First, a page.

This article appeared in the June 7, 2024 edition of The Film Comment Letter, our free weekly newsletter featuring original film criticism and writingSign up for the Letter here.

Beijing Watermelon (Nobuhiko Ôbayashi, 1989)

Arriving shortly after the Tiananmen Square massacre in China, Nobuhiko Ôbayashi’s Beijing Watermelon (1989) is a mellow true story about a greengrocer on the outskirts of Tokyo who took a troop of poor Chinese exchange students under his wing in 1987. Initially reluctant to haggle with them, Shunzo (Japanese comedian Bengal) becomes consumed with his burgeoning status as an intermediary and father figure—before long he is their chaperone, valet, guarantor, and personal shopper, gleefully interpreting their broken Japanese. “Japan… China… friendship,” he mutters to himself on loop, affirming his belief that hidden in these interpersonal relationships is a key to international relations, while his wife and children are left to manage the store alone. Where Ôbayashi’s earlier work is markedly surreal, Beijing Watermelon exhibits neorealist sensibilities, with misty images of daikon, cabbage, and green onion, and scenes of Chinese students and Japanese locals dancing and debating on the beach.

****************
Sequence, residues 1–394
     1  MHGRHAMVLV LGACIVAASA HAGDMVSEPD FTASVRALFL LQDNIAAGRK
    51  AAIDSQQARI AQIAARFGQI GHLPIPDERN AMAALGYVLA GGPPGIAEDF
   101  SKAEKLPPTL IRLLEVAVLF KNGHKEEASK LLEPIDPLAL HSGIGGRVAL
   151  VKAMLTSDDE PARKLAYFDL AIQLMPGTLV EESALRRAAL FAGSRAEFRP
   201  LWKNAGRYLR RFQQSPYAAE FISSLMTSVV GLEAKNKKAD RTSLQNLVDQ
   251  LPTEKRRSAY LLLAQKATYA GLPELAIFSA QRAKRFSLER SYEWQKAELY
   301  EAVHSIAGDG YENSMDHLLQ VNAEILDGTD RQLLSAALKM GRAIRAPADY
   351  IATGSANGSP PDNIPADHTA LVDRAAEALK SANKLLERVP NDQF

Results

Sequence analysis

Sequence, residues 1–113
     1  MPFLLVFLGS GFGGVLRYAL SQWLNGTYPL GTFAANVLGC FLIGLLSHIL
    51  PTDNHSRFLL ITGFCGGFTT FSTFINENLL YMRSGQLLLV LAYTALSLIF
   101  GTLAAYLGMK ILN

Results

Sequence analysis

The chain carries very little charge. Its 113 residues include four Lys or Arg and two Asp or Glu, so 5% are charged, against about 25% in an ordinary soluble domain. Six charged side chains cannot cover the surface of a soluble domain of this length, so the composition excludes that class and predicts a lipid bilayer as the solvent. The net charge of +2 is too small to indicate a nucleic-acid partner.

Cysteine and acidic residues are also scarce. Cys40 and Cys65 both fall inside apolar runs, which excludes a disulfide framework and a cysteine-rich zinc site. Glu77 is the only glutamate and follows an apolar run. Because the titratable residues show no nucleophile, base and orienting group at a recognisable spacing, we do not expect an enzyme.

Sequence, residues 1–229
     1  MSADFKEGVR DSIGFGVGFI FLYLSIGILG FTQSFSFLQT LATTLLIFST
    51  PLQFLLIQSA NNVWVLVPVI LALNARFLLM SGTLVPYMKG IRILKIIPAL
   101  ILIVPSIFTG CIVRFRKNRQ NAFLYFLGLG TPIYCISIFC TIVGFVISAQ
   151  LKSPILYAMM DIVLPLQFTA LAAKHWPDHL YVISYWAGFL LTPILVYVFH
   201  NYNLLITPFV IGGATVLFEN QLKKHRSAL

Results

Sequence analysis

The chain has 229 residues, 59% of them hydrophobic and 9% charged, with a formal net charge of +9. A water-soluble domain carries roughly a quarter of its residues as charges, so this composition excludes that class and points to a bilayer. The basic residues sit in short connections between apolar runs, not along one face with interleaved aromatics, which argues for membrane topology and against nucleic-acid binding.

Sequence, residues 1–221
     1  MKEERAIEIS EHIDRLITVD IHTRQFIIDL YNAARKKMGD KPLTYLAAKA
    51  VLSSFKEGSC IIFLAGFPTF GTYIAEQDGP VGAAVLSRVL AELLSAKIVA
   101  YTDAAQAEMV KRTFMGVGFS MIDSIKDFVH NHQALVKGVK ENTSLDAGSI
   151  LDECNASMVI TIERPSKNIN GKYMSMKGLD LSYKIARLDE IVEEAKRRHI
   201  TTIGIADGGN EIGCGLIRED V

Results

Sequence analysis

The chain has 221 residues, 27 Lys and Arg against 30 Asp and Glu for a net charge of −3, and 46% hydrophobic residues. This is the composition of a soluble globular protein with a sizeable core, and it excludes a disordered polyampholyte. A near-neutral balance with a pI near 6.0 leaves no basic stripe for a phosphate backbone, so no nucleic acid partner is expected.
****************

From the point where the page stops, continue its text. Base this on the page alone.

But a geopolitical heaviness also hangs over the film, which started production in May 1989, when the Tiananmen Square demonstrations had already been raging for a few weeks in Beijing. While Ôbayashi does not explicitly refer to the protests, the film extends a hand to the students through Shunzo’s goodwill. Beijing Watermelon might well be summed up in its last-gasp epilogue, which depicts a trip that the real-life Shunzo and his wife had taken to China to visit the students two years before the film’s production. These scenes were intended to be shot in Beijing, but they take place instead on a soundstage in Japan. In a fourth-wall break, Bengal walks through the set to board a prop airplane, with all the filming equipment visible on camera, shortly after noting to the audience: “Our film was never able to catch up with real life.”

Saffron Maeve is a Toronto-based critic and film programmer.